But Deardorff said one view has started to eclipse the other in the national court of public opinion.
"I think the national understanding of the symbol has changed. I think there is more of an agreement that it is a sign of racial oppression than a sign of states' resistance," she said.
That only serves to intensify the emotional response of those who favor the flag, she said.
Allen Baker, who owns a hunting supply business in Calhoun, said that for him, the Confederate flag is an expression of resistance to what he sees as an overreaching federal government. He said he's concerned about a perceived threat to gun rights, health care and basic freedom.
"It's not racism at all. It's more just heritage. The main thing for my part is they keep taking away, and taking away and the American people just sit back and sit back," Baker said. "I think the American people are finally getting a belly full and I think you are going to see protests and rallies."
He added that he hoped those gatherings would remain peaceful.
The Rev. Alan Jay Holman Sr., pastor of Bethel African Methodist Episcopal Church, said history would not be diminished if the flag stopped flying.
"It's a symbol of oppression, and taking it down would not jeopardize the heritage or the history behind the Confederate soldiers who have given their lives in honor of their position," he said. "But it's a blatant symbol of racism and white supremacy."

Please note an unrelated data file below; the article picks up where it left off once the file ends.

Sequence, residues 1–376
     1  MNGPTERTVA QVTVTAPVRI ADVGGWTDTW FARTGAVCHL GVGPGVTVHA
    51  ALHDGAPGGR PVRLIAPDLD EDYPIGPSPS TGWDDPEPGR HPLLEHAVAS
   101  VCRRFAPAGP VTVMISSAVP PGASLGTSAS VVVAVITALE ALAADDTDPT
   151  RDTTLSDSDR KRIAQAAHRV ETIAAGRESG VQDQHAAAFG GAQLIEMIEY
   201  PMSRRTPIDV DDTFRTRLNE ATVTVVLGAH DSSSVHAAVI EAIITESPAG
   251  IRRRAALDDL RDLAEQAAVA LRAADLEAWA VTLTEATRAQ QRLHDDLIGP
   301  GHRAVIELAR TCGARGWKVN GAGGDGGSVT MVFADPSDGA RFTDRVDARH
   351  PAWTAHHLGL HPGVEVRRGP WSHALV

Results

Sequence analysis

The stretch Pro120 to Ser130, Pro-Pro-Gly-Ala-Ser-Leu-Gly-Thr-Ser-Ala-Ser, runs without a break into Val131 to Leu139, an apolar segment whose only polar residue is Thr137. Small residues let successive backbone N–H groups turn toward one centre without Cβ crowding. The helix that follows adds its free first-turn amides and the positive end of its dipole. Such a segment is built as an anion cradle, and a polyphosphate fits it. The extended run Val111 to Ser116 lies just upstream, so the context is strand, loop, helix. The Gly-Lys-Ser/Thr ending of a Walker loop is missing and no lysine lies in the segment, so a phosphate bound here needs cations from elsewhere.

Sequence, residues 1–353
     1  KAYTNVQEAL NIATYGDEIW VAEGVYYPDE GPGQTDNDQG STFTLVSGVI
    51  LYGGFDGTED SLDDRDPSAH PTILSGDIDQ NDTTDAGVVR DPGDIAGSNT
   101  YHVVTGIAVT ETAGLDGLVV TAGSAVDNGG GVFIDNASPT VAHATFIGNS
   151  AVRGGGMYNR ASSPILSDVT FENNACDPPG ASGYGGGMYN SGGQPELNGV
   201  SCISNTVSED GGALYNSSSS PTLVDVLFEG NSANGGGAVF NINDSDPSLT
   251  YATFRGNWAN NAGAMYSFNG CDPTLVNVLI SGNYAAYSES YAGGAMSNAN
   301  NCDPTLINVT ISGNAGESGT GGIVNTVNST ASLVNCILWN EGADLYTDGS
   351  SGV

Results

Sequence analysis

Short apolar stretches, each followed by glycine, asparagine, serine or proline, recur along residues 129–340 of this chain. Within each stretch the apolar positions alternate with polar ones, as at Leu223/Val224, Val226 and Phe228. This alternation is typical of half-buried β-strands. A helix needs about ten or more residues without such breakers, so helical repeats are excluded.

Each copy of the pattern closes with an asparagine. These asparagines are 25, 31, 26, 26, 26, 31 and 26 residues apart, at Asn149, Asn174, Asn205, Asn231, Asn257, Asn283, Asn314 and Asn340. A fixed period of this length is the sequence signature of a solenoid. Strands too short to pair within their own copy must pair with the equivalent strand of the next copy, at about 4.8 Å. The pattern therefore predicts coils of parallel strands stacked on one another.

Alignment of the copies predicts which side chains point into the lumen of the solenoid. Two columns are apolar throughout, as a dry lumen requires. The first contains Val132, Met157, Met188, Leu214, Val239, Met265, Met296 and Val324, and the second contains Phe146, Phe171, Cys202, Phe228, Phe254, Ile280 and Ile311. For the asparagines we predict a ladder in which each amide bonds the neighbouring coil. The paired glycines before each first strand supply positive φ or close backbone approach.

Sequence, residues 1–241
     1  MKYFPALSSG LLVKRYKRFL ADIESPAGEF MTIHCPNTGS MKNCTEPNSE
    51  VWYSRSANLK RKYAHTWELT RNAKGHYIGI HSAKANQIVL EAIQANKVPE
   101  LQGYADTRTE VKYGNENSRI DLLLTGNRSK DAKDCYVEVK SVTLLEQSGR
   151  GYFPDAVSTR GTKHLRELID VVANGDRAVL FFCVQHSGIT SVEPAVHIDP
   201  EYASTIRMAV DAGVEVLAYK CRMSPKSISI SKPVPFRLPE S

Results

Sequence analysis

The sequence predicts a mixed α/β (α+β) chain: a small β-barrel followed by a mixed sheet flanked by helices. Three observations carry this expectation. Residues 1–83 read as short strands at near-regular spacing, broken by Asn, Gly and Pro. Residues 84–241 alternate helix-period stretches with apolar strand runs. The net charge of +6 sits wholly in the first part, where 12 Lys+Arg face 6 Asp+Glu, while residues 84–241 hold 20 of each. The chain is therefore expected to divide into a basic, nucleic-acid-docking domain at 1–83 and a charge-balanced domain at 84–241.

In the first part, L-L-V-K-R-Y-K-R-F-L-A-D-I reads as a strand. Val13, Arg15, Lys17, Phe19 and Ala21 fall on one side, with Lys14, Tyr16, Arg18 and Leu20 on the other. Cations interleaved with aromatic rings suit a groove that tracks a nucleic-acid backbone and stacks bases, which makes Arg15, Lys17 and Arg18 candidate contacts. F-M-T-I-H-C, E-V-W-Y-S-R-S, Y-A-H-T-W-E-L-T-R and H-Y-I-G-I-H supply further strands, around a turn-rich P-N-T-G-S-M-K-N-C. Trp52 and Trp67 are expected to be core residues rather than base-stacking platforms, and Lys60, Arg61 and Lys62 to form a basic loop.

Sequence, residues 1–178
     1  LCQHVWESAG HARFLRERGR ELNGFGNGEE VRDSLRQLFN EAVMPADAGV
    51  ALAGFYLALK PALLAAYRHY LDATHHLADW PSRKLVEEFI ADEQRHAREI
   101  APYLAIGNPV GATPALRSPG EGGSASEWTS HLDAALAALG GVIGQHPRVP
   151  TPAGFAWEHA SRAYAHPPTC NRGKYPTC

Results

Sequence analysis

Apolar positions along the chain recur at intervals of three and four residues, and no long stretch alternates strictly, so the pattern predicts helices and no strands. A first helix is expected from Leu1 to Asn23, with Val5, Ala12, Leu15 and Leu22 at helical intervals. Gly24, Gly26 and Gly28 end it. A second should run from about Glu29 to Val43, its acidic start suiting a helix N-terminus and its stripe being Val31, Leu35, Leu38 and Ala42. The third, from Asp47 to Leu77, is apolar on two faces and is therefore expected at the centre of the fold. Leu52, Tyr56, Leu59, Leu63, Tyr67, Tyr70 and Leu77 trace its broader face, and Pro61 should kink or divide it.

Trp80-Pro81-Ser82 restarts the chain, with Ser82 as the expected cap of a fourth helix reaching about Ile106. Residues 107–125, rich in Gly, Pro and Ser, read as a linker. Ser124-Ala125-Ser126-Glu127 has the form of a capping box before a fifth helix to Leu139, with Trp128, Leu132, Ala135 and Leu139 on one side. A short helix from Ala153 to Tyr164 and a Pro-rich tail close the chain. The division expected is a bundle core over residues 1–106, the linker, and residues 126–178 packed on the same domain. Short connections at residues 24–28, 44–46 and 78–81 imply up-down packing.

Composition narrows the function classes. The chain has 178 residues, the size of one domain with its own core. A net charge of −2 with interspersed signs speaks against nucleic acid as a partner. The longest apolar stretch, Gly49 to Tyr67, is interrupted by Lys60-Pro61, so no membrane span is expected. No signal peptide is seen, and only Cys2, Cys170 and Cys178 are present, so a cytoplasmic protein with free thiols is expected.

But not all in the black community agree.
Quenston Coleman, former chairman of the local Martin Luther King week celebration, said the flag is an important, bitter reminder and a learning tool.
"What we need to do is illuminate the Confederate flag as a reminder of America's lowest point in human relations," Coleman said.
In Dalton, supporters of the black pride protest plan to walk to city hall, according to a Facebook event.
The Facebook page says traffic was stopped for flag protesters who were escorted from the Walnut Square Mall to Wal-Mart on Tibbs Road — about 5 miles — and that the black pride group expects the same respect.
"We understand that they have the 1st amendment and can voice [fly their flags] their opinion but it should also be understood that we have the same right," the message states.
Dalton police Chief Jason Parker said in a written statement Monday that police heard about the flag gathering via social media and only wanted to ensure it proceeded safely.
"We had a concern that the group may proceed without coordination and felt it would be safer for our community to have a presence there to keep it peaceful," Parker said. "Our officers are in a tough position sometimes because they are called in to maintain order in the middle of strongly opposing views. We do not support any group which discriminates against the rights of others, or attempts to cause fear or alarm in our community."
Contact staff writer Louie Brogdon at email@example.com, @glbrogdoniv on Twitter or at 423-757-6481.